It happens when I least expect it. Days, weeks, even months go by; then, out of nowhere, it comes, and I suddenly feel myself being pulled out to open sea. I can no longer feel the ocean floor beneath my feet; I cannot see where I’m headed. My world is turned upside down.
That’s what it feels like when, after moving confidently forward into my brave new gay world, something happens that totally upsets my equilibrium and I’m pulled out into a sea of self-doubt, questioning everything.
This time – on my very first Pride Weekend of all times (WTF!?) – I think was initially grabbed me by the ankles and knocked me over was a conversation I had the other day with my wife. We were talking about our daughter. (Paradoxically, it was a discussion last October about this same daughter that resulted in me coming out to my wife.) She is spending the summer away from home, and there have been some developments in her life that are a “bolt out of the blue.”
This led to a discussion of how President Packer’s talk at last October’s conference had been a bolt out of the blue for me. Prior to hearing that talk, I had had absolutely no intention of coming out; I had never given it serious consideration in all the years we were married. Even when our marriage ran into very heavy weather in the last several years, I had never – not even once – given any thought to living life as a gay man.
Then, in the space of just a few minutes, my world was turned upside down. As I have written before, something shifted deep inside of me, and I knew I would never, could never, be the same again.
But things have been better lately between me and my wife, and either she or I – I can’t remember who – made the comment, “Just think … If President Packer hadn’t given that talk, we’d likely still be together.” That probably sounds bizarre. Does it?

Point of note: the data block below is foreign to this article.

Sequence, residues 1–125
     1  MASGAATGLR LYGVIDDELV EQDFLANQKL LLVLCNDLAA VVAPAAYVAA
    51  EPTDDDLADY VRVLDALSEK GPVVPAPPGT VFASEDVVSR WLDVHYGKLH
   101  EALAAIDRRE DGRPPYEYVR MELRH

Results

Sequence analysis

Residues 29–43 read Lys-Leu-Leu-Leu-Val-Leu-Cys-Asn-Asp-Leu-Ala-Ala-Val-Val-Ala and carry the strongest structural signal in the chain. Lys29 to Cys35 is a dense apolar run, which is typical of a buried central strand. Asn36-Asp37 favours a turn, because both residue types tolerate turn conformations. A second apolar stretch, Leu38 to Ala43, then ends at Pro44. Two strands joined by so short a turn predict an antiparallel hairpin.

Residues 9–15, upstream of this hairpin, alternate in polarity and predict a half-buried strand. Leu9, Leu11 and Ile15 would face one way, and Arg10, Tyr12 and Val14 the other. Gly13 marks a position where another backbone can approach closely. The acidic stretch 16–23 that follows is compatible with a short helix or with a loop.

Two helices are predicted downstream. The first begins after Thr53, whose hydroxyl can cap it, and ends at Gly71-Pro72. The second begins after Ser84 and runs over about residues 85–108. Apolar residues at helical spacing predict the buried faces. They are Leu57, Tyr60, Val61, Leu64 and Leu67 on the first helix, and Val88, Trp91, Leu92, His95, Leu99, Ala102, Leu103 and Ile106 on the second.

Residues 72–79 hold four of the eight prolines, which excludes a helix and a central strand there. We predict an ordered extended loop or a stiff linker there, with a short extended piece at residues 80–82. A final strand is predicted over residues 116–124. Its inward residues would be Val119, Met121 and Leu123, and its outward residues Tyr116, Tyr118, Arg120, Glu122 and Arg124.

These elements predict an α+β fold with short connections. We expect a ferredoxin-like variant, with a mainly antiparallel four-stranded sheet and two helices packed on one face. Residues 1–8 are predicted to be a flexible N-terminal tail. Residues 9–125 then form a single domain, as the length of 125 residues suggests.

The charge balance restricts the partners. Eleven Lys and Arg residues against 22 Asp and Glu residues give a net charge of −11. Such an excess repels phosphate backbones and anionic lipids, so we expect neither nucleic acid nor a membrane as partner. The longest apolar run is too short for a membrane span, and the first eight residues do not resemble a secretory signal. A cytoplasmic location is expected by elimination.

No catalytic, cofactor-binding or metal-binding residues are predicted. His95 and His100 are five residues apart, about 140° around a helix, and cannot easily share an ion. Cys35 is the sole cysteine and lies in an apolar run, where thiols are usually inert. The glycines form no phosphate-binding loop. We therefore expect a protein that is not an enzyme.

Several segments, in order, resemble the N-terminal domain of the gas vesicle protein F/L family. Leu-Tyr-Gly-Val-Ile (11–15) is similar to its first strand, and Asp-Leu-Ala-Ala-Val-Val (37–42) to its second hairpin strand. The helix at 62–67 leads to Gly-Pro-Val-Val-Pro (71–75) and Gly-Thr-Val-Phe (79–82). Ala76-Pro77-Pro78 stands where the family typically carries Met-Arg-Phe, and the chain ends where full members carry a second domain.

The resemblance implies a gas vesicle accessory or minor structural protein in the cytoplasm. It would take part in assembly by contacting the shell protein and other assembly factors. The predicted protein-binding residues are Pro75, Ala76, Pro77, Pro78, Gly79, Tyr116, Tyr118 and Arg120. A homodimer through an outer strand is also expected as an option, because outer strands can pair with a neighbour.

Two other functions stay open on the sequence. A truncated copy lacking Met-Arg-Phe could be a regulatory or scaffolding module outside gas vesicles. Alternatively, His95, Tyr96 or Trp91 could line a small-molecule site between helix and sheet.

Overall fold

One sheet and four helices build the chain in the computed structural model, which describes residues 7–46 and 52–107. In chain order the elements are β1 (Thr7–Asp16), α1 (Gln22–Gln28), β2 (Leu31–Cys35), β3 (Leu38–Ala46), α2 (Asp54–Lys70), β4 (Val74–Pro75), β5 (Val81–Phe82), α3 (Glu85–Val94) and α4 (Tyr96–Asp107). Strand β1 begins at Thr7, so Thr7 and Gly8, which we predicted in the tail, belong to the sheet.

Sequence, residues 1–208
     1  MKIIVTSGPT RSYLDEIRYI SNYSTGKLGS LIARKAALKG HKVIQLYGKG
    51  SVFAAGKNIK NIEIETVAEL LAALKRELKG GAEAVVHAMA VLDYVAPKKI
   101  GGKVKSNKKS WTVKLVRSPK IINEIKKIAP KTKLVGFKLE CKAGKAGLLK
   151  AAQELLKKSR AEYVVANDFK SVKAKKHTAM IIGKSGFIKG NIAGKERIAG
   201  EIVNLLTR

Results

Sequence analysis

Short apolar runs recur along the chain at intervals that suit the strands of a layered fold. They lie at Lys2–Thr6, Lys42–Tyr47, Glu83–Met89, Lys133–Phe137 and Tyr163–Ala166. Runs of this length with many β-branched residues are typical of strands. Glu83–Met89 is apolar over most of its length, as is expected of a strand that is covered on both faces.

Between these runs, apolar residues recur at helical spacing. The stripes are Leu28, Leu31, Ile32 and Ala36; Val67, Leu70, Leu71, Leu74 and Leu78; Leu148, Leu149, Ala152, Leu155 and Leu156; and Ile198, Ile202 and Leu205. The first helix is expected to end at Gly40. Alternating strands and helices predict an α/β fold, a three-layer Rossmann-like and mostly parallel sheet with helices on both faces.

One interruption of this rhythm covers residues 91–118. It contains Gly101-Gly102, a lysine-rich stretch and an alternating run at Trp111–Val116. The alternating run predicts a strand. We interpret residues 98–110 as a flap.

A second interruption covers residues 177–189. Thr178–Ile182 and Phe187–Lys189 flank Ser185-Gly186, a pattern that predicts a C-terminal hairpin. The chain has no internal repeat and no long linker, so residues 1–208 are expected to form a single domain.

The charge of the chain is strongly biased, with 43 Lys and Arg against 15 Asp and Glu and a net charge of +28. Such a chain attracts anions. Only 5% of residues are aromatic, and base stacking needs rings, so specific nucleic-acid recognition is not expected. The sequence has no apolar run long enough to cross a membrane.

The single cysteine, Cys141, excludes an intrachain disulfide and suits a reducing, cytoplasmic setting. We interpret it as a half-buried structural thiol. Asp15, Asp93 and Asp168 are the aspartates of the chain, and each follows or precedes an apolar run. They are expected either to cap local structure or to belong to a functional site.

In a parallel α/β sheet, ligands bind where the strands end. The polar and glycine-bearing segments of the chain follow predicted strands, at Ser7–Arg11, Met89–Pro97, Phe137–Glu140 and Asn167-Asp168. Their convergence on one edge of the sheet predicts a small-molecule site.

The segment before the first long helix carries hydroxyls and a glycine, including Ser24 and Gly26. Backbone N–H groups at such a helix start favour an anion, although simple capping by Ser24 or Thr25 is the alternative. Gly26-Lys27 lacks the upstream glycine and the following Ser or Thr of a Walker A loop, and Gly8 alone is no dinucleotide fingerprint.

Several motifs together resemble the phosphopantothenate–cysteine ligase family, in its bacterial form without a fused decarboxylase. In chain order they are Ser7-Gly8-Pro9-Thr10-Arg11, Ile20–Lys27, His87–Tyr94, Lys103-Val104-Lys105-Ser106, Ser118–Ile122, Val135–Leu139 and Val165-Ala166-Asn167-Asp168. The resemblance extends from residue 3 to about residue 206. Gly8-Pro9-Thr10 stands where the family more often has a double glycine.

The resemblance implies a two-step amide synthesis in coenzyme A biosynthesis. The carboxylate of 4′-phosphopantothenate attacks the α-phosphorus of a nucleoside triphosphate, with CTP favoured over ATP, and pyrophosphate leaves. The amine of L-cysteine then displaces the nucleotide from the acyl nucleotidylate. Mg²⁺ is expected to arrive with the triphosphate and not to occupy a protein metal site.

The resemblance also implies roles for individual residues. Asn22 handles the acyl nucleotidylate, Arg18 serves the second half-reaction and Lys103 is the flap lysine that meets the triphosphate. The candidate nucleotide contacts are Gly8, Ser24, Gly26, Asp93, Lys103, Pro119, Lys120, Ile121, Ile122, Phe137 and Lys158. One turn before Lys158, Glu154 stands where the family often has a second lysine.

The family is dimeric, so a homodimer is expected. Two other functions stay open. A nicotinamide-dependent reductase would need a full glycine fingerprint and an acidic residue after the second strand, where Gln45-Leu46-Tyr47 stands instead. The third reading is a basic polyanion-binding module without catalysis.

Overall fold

We then talked about our marriage. We were saying things and venturing into territory that hadn’t been entered since we made our decision to separate last December. She was saying that she had no regrets: she feels we were meant to get married, meant to have our children. I couldn’t disagree: how can I regret? Which child would I not have had?
I told her the only regrets I have are the effects of the conflict I felt deep inside of myself all of those years. I could see the manifestations of the conflict, but I didn’t understand the source of the unhappiness or the link between this conflict and its outward manifestations.
But then, I know I could not possibly have done any better. I gave it my all, and that wasn’t good enough. And, in quiet moments, I can almost contemplate forgiving myself. Is there something on the other side of regret? Self-acceptance? Letting go … giving it away …
My wife then said something that she has never said before, and this was what rushed past my legs, knocking me off my feet and pulling me away from the shore: “I sometimes wish we could go back to the way things were … but I know we can’t.”
Thereafter followed, during the course of the ensuing days, other things that caused me to question my identity, to wonder – again – what the hell it is I am doing. Things about gay life that I don’t particularly like. Trying to forge my own identity within the gay world. Wondering about my relationships with my children. Trying to navigate the foreign territory of coming out in middle age. Coming late to the party. Resenting what I never had as a younger man. Feeling very, very alone and more than a little bit foolish at times.
All of this is normal, the little voice tells me. Yet, that is little comfort when I sense that old feeling of spiraling downward; the fear that comes from not knowing when I’ll find a solid footing again.
A friend assures me that it will be ok. He tells me that this is what coming out is all about: forging a new identity; reviewing the past, sorting and discarding if necessary. Rebirth. Let go. Trust.
Separation is painful at times, but oh so necessary. And so it goes …
Postscript: I wrote this post on Saturday night. Yesterday was Pride Sunday here in Salt Lake, my first. It was an incredible, wonderful day. I plan to publish a post about it tomorrow, which will probably be entitled “Recovery and Affirmation.”